Breaking the Fragments: Why Complete Sentences Matter in Writing

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Meridean Overseas

Updated On 10 April 2023 & Read Time 3 minutes

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Overview

Writing is one of the most important skills that we develop throughout our lives. From school assignments to work-related reports, we are constantly required to write effectively in order to convey our ideas and opinions. However, one common mistake that many writers make is using sentence fragments. In this blog, we will discuss what sentence fragments are, why they should be avoided, and provide examples to help you understand the importance of using complete sentences in your writing. 

What is a Sentence Fragment?

A sentence fragment is an incomplete sentence that is missing either a subject, a verb, or both. Essentially, a sentence fragment is a group of words that do not form a complete thought. These fragments can occur for a variety of reasons, such as a writer not fully developing their thoughts, or not understanding the rules of grammar and sentence structure. 

Why Should Sentence Fragments Be Avoided?

Sentence fragments can create confusion and ambiguity in writing. They can also make it difficult for readers to understand the writer's intended message. In addition, sentence fragments can make writing appear unprofessional and sloppy. Therefore, it is important to avoid them in all forms of writing.

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Sentence Fragments Example

1. Walking down the street.

This is a sentence fragment because it is missing a subject and a verb. Who is walking down the street? What are they doing? This fragment does not provide enough information to form a complete thought.

 

2. After the game, which was intense and exciting.

This is a sentence fragment because it is a dependent clause. Although it has a subject and a verb, it does not form a complete thought on its own.

 

3. The car, parked in the garage.

This is a sentence fragment because it is a dependent clause. It is missing a main clause to provide context and a complete thought.

 

4. Running as fast as she could, the finish line in sight.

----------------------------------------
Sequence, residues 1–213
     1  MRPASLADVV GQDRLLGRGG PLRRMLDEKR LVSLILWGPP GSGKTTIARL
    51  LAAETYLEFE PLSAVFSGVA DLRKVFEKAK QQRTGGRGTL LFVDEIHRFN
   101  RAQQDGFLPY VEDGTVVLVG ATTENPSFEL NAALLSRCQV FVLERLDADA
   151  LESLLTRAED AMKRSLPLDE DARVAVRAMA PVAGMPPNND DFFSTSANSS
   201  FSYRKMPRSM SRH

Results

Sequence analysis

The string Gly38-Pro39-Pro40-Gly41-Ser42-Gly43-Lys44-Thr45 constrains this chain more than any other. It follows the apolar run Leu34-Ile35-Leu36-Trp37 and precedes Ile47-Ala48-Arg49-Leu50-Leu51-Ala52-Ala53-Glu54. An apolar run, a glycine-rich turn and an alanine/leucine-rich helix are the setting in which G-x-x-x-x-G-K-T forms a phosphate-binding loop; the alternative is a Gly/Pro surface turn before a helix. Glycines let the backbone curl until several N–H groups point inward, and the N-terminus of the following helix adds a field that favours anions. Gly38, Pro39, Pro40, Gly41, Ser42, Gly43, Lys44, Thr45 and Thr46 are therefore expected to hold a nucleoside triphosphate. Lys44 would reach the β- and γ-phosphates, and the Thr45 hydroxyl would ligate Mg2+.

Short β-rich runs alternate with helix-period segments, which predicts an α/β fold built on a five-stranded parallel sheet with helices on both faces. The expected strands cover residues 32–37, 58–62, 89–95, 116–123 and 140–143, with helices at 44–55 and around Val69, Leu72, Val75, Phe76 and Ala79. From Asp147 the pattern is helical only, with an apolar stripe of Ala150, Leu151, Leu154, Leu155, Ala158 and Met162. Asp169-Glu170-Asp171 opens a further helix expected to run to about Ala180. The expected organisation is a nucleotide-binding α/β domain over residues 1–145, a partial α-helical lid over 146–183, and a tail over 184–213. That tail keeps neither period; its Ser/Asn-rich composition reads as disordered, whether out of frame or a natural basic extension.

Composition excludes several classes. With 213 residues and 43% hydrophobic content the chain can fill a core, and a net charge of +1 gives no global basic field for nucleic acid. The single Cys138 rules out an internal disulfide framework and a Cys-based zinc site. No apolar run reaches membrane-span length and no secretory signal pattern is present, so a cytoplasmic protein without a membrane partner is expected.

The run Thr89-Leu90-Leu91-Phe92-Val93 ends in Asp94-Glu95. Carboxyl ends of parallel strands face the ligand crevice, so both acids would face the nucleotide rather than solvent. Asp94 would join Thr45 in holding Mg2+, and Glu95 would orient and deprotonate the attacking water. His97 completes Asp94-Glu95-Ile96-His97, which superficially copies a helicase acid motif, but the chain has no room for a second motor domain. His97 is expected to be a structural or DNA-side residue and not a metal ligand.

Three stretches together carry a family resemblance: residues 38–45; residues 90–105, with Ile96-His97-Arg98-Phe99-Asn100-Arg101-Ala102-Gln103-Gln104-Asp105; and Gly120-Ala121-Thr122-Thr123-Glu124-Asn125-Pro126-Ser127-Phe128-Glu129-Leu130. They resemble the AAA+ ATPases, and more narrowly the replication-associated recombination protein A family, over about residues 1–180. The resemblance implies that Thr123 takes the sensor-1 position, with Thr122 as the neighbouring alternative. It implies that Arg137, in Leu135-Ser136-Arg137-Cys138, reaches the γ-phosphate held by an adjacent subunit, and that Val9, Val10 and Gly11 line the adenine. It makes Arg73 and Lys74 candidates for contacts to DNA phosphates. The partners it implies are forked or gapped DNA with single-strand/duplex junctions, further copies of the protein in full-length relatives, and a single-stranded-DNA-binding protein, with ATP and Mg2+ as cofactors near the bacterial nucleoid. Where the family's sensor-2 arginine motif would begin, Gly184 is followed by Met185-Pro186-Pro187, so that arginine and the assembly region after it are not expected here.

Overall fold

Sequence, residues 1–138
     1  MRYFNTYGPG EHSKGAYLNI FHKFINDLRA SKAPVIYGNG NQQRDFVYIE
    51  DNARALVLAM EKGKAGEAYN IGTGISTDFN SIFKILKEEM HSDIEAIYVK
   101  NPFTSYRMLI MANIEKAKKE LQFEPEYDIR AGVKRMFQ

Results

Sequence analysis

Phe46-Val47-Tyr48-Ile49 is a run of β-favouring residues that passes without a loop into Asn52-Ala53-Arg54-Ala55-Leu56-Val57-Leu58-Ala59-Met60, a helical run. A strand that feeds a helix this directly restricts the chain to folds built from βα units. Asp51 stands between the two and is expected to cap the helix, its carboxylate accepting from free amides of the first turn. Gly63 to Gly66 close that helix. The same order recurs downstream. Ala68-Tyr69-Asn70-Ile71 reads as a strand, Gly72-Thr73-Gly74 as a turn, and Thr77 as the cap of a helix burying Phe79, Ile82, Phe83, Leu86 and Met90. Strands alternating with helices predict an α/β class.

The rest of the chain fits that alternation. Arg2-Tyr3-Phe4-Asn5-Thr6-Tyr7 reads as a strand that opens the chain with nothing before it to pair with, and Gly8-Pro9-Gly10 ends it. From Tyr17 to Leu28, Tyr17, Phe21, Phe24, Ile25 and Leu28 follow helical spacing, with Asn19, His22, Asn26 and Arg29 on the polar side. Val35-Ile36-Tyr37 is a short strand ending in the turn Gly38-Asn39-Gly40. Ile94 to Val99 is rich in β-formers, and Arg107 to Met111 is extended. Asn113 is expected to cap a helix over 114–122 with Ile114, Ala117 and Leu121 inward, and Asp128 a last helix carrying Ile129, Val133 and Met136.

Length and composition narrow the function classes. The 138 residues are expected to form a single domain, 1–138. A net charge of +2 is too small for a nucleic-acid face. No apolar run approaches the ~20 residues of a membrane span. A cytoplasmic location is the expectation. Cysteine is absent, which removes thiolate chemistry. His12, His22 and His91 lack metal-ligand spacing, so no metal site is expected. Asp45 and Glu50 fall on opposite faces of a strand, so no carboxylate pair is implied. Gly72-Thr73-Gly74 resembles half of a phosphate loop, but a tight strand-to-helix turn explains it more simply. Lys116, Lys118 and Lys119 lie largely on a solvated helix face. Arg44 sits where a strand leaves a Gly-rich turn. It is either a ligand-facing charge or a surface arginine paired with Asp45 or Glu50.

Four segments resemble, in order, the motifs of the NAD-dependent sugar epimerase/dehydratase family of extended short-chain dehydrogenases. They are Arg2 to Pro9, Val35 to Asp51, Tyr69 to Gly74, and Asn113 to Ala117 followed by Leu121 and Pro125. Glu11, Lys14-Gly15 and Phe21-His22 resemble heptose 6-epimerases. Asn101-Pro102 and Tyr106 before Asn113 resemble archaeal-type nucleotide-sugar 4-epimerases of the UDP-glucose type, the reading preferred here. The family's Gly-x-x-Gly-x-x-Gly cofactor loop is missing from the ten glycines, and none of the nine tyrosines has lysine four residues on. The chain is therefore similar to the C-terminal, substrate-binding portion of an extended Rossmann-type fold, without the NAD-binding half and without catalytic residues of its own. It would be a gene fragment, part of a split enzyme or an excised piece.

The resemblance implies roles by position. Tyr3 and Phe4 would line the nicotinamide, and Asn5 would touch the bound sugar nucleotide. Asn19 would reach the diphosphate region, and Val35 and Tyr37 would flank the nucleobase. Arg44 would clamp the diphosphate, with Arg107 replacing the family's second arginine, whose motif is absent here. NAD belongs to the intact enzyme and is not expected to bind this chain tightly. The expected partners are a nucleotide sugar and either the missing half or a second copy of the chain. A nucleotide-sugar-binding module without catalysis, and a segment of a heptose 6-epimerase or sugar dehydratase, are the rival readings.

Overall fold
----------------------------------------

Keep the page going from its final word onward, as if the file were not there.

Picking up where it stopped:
This is a sentence fragment because it is a dependent clause. Although it has a subject and a verb, it does not provide enough information to form a complete thought.

How to Fix Sentence Fragments?

The easiest way to fix sentence fragments is to add a subject, a verb, or both, to the fragment to create a complete sentence. Consider the following examples:

 

  1. Walking down the street, Jane noticed a cute dog. (Subject: Jane, Verb: noticed)

  2. After the game, which was intense and exciting, the team celebrated their victory. (Added a main clause to provide context and a complete thought)

  3. The car, parked in the garage, was covered in dust. (Added a main clause to provide context and a complete thought)

  4. Running as fast as she could, Emily crossed the finish line in first place. (Subject: Emily, Verb: crossed)

 

By adding a subject, a verb, or both, these sentence fragments were transformed into complete sentences that convey a clear message and provide the necessary information to the reader.

Conclusion

In conclusion, sentence fragments should be avoided in all forms of writing. They create confusion, ambiguity, and can make writing appear unprofessional. By understanding the rules of grammar and sentence structure, and by taking the time to develop complete thoughts, writers can avoid using sentence fragments and create clear, concise, and effective writing. Remember, a complete sentence includes a subject, a verb, and a complete thought. So, next time you're writing, make sure to double-check your sentences and avoid those pesky sentence fragments!

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